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Best way to set up a huge 10~20TB for camera surveillance?

Discussion in 'General Hardware' started by n-ster, Mar 16, 2012.

  1. n-ster

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    I will be building a computer soon. This computer's only purpose will be camera surveillance which will be running 24/7. We need a lot of storage, at least 10TB if not more, as this will have 4x 3MP cameras (2048x1536@15fps) and 12x 2MP cameras (1080p@30fps), which would mean 10TB should cover a month (300GB/day on average)

    What type of drives should I use to have the best endurance? Reliability isn't crucial, but bang/$$ is. Recommendations for very long lasting PSUs that work great 24/7 would be good too (should I be going into server PSUs?). Would Ivy Bridge do or is X79 better?

    This will be running Windows 7, probably ultimate 64 bit of course, is there anything I should be worried about when building a comp with such a huge amount of disk space?

    Can I just use the hard drives separately instead of RAIDing?
     
  2. mudkip

    mudkip

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    :wtf:
     
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  3. W1zzard

    W1zzard Administrator Staff Member

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    10 or 20 TB is far from huge for today's standards.

    google: unraid
    if you can use freebsd or solaris: ZFS
    if you have windows server, look into DFS Distributed File System

    what sustained read/write bandwidth is needed for your cams ? i assume they all write to the same storage?

    what about transcoding the video you get?
     
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  4. CJCerny

    CJCerny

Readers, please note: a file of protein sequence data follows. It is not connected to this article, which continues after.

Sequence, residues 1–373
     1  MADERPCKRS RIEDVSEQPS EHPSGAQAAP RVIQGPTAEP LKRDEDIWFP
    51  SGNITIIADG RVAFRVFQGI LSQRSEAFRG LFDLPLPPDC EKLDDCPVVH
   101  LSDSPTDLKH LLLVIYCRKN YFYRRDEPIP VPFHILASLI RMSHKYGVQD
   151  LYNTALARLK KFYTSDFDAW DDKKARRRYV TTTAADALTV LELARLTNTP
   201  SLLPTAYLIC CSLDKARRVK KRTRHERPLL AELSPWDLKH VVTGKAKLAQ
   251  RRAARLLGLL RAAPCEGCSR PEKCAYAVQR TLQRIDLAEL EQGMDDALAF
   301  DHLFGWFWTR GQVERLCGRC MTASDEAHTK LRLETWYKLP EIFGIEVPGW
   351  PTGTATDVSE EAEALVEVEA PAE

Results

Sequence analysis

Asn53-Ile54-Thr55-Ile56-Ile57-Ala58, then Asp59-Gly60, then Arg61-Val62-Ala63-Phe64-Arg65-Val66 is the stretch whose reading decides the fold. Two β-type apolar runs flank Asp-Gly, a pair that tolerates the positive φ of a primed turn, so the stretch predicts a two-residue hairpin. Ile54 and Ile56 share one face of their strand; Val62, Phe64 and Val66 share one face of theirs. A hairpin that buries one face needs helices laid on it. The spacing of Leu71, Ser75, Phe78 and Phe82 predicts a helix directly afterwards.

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    Seems to me like the reliabililty of your hard drives and PSU are the least of your worries. You main worry needs to be how you are going to get all that data from those cameras to this PC. If they are all IP cameras, you are going to need to make sure that you can handle all the network traffic that they are creating. If they are USB cameras, you're going to have a hard time building a PC that doesn't drop frames with all that input via USB.
     
  5. ShiBDiB

    ShiBDiB

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    main reason I could see to RAID would be for a backup. Drives constantly writing like these will be, is gonna put them under alot of stress.

    Might be better in the long run to look to a professional company for something of this scale.
     
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  6. v12dock

    v12dock

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    iSCSI SAN
     
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  7. AnomalouS

    AnomalouS

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    Must you keep the captured video for a month at a time? why not use first in first out method.
    In the medical world there are capture devices that do just the FIFO, xxxGB drive that purges data as needed.
     
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  8. n-ster

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    Haha, it is good to have but if we loose 1 HDD, that would mean about a week and we can handle that every couple years or something. I'm not going to pay 3~4x the price for 1.5x~2x the longevity for the HDDs is what I meant

    It's huge for me :p I'll look into all that in a few minutes, thanks.

    The cameras are IP and wired with ethernet cables. The max they would use is 8Mbps which is 1MB/s per camera, so about 16MB/s I'm guessing is the peak rate. The coding of the video is already MJPEG or H.264 and the camera's processors handle that. It'll be coming through 1 Ethernet port

    The way it our current system works: say there is 5x 2TB HDDs. It will write on the first drive, once that is full it will start on the 2nd drive and so on, once all 5 are done it will start overwriting the first drive again.

    They are going to be wired with Ethernet cables, which will go to a 24 port Ethernet switch thing (each camera will have their own 100 Mbps cable/port) and exit through 1x 1Gbps Ethernet cable.

    I believe that is how we are doing it. At any time we look at the data, the oldest we will be able to find is 1 month old. Our old system writes on each HDD until they are all full then start overwriting on the first drive etc.


    We did in the past and they charge you so much, and they end up doing it worse than I would have. They charge 3800$ for a i5-2400 with the IGP and some cheap chipset and 8GB of RAM and 4TB with inadequate cooling and a very average PSU with 1 year warranty. They user WD caviar black HDDs, nothing fancy.

    I'll have to google for specifics it looks interesting
     
    Last edited: Mar 17, 2012
  9. jsfitz54

    jsfitz54

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    Not all months are equal.

    Would a 45 day first in first out method be better?